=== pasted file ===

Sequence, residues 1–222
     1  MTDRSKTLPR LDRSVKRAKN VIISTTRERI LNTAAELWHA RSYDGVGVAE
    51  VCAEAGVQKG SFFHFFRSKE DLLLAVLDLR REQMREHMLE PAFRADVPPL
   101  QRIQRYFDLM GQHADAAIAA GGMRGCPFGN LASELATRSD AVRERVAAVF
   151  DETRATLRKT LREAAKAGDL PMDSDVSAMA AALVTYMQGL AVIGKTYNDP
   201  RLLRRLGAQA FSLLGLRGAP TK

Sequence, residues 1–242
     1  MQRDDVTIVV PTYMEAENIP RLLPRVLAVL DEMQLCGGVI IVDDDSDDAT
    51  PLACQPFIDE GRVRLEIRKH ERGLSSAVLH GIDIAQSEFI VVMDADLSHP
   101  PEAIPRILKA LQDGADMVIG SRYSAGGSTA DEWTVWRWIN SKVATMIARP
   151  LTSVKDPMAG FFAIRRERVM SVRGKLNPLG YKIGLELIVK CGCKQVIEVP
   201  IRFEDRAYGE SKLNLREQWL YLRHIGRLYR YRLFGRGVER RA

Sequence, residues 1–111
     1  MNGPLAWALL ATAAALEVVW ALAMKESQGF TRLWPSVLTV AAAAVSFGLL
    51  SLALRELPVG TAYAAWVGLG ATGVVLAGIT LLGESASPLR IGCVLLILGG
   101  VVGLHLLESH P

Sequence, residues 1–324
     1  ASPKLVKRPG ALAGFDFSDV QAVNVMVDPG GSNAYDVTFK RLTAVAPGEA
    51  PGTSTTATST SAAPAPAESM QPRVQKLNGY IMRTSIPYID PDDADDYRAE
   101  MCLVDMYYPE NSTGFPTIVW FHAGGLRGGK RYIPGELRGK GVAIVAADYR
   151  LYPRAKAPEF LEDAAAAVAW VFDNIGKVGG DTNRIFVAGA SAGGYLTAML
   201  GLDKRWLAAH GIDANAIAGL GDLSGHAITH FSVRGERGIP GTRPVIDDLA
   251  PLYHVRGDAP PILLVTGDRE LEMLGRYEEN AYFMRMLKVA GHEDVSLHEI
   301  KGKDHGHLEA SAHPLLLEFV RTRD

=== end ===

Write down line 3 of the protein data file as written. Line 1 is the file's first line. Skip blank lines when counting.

    51  VCAEAGVQKG SFFHFFRSKE DLLLAVLDLR REQMREHMLE PAFRADVPPL